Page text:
Good Hate

“What did Dad give you that for?” my son asked when I pulled out a bright yellow circular sander from a beautifully wrapped box.

“I asked for it!”

Bewilderment drew his brows together into one of those “looks,” his blue eyes questioned.

I used to give the look to my children, now they give it to me.

“Oh, an electric sander,” my daughter-in-law exclaimed, “I’d love that.”

Surprised, Justin looked from his bride to me and back again. Triumphant and vindicated, I grinned.

Repurposing has captured my imagination. I look around at my old stuff, and my fingers twitch. Nothing escapes the “what could I do with that?” obsession. “How could I make it look modern and new?”

The itch has been just under my skin for a long time, but it wasn’t until a dilapidated old buffet practically walked on its own into my garage did I discover the joy of an electric sander in my hand.

Alone in the cold garage, I pushed the power tool’s vibrating disk over the banged up surface of the old buffet. Impurities and dull luster stripped away into fine dust. It covered my clothes and stuck to my hair.

I turned it off, set the machine down and brushed my finger over the fine residue. Powdery gray fell to the ground.

“The fine dust of disgust,” I said aloud.

A verse had been churning circles in my brain along with the shaking of the sander.

… Abhor what is evil; hold fast to what is good.” Rom. 12:9 (ESV).

Abhor….literally, have horror of… sin after all is horrible… disgusting.

As believers, we are pulled between the politics of grace and condemnation. We are judged as compassionate or labeled intolerant. Rival voices all around battle for adherents. Terms like “Christian” and “Evangelical” are messed up by society and self-defined. People train words to mean what intentions devise. We become prey to blurred lines. But when foggy people-thought trumps Scriptural God-thought, when God’s definitions are muted to meet our rationale, disgust for what God hates is stripped away. We are left with insipid gray.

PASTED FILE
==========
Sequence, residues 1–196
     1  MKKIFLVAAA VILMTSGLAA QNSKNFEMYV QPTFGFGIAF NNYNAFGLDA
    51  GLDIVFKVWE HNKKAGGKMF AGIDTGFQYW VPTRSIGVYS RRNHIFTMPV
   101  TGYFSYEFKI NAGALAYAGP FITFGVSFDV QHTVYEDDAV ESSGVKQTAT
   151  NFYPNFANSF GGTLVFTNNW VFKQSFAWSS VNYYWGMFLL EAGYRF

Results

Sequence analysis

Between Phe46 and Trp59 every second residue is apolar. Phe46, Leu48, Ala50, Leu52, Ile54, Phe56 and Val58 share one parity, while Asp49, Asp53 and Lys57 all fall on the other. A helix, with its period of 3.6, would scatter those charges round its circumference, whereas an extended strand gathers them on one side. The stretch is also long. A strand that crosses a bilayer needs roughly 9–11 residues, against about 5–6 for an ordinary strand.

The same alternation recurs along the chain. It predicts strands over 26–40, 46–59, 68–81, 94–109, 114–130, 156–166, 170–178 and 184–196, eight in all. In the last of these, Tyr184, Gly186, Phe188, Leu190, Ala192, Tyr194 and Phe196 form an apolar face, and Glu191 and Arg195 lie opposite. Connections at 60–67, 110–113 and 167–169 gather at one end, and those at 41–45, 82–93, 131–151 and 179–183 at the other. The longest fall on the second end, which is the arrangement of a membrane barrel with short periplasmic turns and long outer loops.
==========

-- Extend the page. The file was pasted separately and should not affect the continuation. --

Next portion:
I wiped the dust off my hands with a rag and stood back to look at my emerging piece of furniture.

“There is a subtle line,” I thought. “The more accustomed I become to the culture of sin, the easier it is to live compatibly with it.”

It’s like sanding furniture.

The disgust for evil is removed little by little.

Ps. 97:10 “You who love the Lord, hate evil.” (NKJV)

The contrast of intimate love for a Holy God is hatred for sin. It follows that His redeemed child will be bothered by what is contrary to His Holiness.

So, how do we know what God hates? What does God love?

God’s Word, is the authority and the voice which pulls toward righteousness and pushes from evil. It shines light on right and wrong, truth and lies. It is our line in the sand.

“…hold fast to what is good.” Rom. 12:9.

“Cling to…glue together…cement…”

And there’s the caveat. If I nurture God’s loves, that unsightly residue becomes the beauty of the Spirit’s refinement, however if I feed on the filth of godlessness, my faith slowly but surely erodes in the fine dust of life corroding without purpose.

The buffet is finished. The ugly is replaced with a fresh coat of paint. It’s out of the garage and in our dining room. Repurposed and beautiful, a good reminder of the question that must be asked.

Do I love what God loves and hate what He hates?

4 Replies

  1. Jack Boehner Reply

    Great question Sylvia! It seems our actions determine the answer.

  2. Janet Certalic Reply

    Thanks for the very interesting article.
    It was great to see you last week.Keep up the writing.It’s very relevant.

  3. Kathy Ginestra Reply

    GOD the mystery of paradox. The more we truly Love, the more hate we have for sin.